Friends Network

Friend Graph

The picture above shows a graph of how my facebook friends inter-relate. It is entirely computer-generated, including all colours, sizes and positioning. Read on to find exactly what information the picture reveals and how you can make your own.

I created the graph using two excellent pieces of free software: netvizz and Gephi. The former to extract data from facebook and the latter to convert that data to a visual form. I also wrote a small script in Python to merge together data for the four friends I have who have two accounts each. This isn’t necessary but helps make the relationships a lot clearer.

There are some simplified instructions for making your own graph here.

The graph (mathematical definition) shows the connections between my friends. Note that name labels have been removed to protect the innocent.

There is a circle for each of my friends with a line drawn between any pair of those friends who know eachother. I removed the 35 or so friends in my network who don’t know any of my other friends and hence don’t have any lines connecting them on the diagram.

The relative size of the circle illustrates that person’s Betweenness Centrality. This is a measure of how well-connected that person is amongst my friends. It isn’t necessarily a measure of how popular that person is, rather how they connect disparate groups of people. Looking at these numbers lead me to some suprising revelations of friends from apparently different parts of my social circle knowing eachother when I wouldn’t have expected them to.

This becomes more apparent when you consider the circle colours. These are chosen automatically by an algorithm that calculates Modularity Class, which measures how well a network decomposes into smaller communities. It is quite uncanny to see how the software has managed to separate Rock Choir members, Rockaoke fans, family, Aikido practitioners, various social groups and personal development fans, to name but a few of the various groups of people I hang around with.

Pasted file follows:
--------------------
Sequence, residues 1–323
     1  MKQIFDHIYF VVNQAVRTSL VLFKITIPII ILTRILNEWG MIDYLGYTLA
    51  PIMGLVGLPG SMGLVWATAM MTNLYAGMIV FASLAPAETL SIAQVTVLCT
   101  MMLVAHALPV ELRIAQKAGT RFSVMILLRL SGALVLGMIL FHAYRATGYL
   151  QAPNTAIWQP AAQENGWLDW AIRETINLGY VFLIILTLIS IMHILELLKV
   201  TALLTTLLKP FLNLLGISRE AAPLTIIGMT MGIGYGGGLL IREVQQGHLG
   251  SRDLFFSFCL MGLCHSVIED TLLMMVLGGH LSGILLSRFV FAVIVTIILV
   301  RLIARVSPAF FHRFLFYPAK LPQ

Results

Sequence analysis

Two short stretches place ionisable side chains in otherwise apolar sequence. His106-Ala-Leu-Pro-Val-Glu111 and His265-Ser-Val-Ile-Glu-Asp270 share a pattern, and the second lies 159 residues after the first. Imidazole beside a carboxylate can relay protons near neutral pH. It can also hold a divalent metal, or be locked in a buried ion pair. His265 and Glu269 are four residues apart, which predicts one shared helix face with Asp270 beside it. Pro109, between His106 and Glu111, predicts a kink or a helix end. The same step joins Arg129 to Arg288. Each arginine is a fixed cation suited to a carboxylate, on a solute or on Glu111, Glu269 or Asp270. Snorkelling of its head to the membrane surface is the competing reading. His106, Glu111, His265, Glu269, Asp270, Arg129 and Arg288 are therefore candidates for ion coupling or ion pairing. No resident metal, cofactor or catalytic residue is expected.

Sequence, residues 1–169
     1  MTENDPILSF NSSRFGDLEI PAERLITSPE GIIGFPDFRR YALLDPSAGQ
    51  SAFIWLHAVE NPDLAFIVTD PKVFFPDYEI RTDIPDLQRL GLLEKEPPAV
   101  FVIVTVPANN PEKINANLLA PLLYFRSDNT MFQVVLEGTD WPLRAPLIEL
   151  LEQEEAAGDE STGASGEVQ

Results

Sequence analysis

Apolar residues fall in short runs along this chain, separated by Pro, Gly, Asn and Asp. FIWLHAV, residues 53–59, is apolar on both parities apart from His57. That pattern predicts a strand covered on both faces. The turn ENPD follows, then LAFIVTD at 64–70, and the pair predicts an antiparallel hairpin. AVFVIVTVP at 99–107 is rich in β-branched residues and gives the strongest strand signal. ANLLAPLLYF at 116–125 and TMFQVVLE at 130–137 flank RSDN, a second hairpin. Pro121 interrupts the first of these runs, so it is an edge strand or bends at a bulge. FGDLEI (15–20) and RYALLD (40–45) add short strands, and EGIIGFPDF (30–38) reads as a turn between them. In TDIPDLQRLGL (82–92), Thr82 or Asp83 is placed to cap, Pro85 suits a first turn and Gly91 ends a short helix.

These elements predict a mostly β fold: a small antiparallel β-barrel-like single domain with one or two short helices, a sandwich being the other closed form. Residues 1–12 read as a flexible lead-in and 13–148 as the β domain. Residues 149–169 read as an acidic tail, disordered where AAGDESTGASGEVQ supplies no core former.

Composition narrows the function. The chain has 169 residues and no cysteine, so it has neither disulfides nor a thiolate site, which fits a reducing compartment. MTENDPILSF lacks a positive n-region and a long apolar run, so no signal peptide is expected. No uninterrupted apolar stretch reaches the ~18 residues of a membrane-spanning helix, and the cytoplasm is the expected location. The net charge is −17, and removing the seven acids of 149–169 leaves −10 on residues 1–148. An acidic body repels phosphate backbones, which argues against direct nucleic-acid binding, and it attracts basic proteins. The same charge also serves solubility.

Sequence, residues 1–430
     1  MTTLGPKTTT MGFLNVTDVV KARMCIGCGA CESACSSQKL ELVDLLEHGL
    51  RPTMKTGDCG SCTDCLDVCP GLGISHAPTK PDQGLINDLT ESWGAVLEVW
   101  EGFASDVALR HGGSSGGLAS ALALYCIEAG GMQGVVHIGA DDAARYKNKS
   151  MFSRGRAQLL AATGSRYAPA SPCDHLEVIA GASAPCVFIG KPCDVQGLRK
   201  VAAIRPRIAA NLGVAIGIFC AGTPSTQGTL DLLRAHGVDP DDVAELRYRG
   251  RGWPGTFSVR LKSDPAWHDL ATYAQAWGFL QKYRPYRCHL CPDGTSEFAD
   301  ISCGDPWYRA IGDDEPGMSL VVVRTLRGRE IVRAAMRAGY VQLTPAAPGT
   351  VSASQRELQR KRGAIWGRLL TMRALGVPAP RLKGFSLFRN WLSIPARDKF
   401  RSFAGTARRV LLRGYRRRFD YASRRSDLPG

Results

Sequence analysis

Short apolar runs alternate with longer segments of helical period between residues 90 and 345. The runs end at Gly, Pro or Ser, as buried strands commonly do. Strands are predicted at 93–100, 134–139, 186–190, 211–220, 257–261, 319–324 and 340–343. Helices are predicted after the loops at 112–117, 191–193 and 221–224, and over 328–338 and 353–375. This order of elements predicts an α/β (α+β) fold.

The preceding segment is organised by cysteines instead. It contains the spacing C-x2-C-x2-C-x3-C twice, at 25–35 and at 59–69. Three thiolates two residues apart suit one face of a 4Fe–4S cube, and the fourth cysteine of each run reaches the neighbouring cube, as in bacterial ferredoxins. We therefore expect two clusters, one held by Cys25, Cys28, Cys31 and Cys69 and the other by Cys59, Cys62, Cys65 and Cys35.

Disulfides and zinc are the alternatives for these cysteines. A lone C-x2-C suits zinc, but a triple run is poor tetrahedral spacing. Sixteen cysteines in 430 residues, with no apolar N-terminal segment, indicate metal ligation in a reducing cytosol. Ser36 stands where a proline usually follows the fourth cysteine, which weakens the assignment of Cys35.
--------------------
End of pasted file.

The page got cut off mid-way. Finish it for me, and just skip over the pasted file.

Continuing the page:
People with higher Betweenness Centrality aren’t exclusively the ones I have a lot of friends in common with but are also the ones connecting the separately coloured groups.

All sorts of calculations are possible given the data. One of my favourites was Network Diameter. Not only did this tell me that the average distance between my friends is 3.62 (See Kevin Bacon Number, now available on Google, or more scientifically, Erdos Number for more info) but that there are 11 friendship links between my two most unrelated friends. Somewhat ironically it turns out that the two of my friends who in theory should know each other the least are both people I know to share a very similar hobby.

My research was inspired by the Networked Life course at http://www.coursera.org on which I am currently enrolled. Thank you to all of the people involved in the creation of the excellent free resources I have used to study and to produce this article.

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